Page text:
750 watt inverter (IIRC, $40.00 on sale.) Not used much as the fan is quite loud when the inverter is under any load. Can run some smaller tools like a 3/8" drill and a small jig saw etc. Although you cannot see, this inverter has alligator clamps which can connect to any 12 volt battery. Has 2x 120V outlets.

300 Watt inverter. Can power a small table lamp, can charge phones, computers, batteries. Very good all around sized inverter and it is much quieter. These often come on sale for less then $30.00 and we also keep another one in the truck at all times.

700 amp battery / booster pack. Nice little system for the price ($75.00 on sale.) Can be re-charged by 120V or 12 Volt. Has 2x 12 volt plugins, and 1 USB plugin. The voltmeter on top is not part of this system and was added by me. Small Velcro patch keeps it in place.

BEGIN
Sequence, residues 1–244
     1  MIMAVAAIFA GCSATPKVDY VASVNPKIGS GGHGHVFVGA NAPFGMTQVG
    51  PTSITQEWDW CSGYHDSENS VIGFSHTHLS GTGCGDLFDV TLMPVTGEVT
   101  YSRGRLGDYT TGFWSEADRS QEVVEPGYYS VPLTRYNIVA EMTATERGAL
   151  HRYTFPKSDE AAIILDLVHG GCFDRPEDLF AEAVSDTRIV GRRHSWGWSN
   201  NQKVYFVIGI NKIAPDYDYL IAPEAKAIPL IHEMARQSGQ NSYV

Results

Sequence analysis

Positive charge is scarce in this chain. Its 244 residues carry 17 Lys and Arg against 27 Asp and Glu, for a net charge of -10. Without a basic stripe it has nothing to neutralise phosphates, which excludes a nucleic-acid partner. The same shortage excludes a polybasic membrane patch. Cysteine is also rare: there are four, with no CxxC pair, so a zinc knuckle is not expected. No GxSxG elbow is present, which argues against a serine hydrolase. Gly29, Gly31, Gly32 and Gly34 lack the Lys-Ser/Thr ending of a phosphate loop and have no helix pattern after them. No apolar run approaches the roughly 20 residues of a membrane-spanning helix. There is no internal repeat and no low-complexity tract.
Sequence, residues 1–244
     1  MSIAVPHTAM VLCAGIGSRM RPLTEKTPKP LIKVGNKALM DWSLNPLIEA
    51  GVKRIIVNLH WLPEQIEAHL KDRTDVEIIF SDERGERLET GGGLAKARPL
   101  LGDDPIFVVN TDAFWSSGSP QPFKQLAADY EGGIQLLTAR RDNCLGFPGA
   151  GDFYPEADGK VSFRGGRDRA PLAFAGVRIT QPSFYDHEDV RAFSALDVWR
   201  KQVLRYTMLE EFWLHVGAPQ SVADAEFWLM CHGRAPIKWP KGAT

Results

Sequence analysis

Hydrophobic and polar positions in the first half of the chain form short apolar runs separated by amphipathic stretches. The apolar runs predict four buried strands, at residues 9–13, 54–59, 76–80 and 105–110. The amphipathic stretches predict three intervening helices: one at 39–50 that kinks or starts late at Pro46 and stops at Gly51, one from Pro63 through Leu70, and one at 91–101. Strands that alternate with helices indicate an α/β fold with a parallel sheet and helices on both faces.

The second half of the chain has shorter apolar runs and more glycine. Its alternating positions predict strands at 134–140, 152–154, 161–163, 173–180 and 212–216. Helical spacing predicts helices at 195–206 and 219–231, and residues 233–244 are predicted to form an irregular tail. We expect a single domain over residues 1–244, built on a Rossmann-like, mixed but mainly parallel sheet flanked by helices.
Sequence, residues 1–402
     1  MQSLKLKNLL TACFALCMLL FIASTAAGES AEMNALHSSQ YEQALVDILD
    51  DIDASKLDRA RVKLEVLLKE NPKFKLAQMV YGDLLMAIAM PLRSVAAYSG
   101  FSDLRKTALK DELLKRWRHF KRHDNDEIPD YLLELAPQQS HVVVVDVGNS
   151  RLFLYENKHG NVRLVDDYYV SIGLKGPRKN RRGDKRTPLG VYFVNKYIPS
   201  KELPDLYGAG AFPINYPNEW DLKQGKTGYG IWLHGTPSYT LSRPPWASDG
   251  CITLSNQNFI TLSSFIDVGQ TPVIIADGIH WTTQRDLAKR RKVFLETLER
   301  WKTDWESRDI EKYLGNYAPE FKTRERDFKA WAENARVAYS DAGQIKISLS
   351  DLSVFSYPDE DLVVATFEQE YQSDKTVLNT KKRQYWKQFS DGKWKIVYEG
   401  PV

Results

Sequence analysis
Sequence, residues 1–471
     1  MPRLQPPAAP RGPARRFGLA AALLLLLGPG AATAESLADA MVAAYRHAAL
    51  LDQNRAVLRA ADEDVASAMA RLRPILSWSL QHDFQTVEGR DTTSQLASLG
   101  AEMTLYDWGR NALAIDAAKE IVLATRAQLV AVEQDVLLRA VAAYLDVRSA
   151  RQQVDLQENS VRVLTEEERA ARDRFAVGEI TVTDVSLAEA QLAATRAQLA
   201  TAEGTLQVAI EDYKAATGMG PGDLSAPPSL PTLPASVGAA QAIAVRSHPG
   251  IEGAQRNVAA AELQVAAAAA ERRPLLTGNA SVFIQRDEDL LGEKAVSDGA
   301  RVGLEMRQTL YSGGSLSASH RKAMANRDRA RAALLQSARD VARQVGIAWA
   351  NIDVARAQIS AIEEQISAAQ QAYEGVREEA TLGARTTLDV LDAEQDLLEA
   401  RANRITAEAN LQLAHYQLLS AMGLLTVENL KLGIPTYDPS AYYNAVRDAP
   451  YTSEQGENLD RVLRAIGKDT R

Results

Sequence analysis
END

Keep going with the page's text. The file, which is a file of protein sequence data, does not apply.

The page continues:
Middle Row, left to right:
Solar panel charge regulator which is used with the solar panels below. There is actually 2 sets of these panels but only one set shown below.

12 volt and USB (x2 ports) power adapter. Has 12 volt plugin connector or can hard wired into a vehicle.

Small travelers power strip.

AA/AAA battery charger. Only works on 120V.

Old phone for emergency backup, pay as you go calls only.

Front Row, left to right:
Samsung Galaxy phone. We have 2 of these same phones and as I mentioned in another earlier post today, I ordered from Ebay, 2 spare batteries and a separate charger for them.

AA/AAA battery charger. Runs from 120V or 12 volt.

iPad...self explanatory

Not shown:
1 more RV light plugged in providing some photo lighting off to the left side.

Group 31 deep cycle battery underneath the table. This is a fairly new purchase as the old Group 34 battery went south very prematurely...don't ask.

A few 12 volt LED singular lights used as experimental/testing over the last couple of years.

3-4 long strings of LED 120V patio lights.(Think Christmas style) but these lights work great with inverter and certainly cheaper (and more reliable) then 12 volt LED string lights which I recently wasted $20.00 or so dollars on...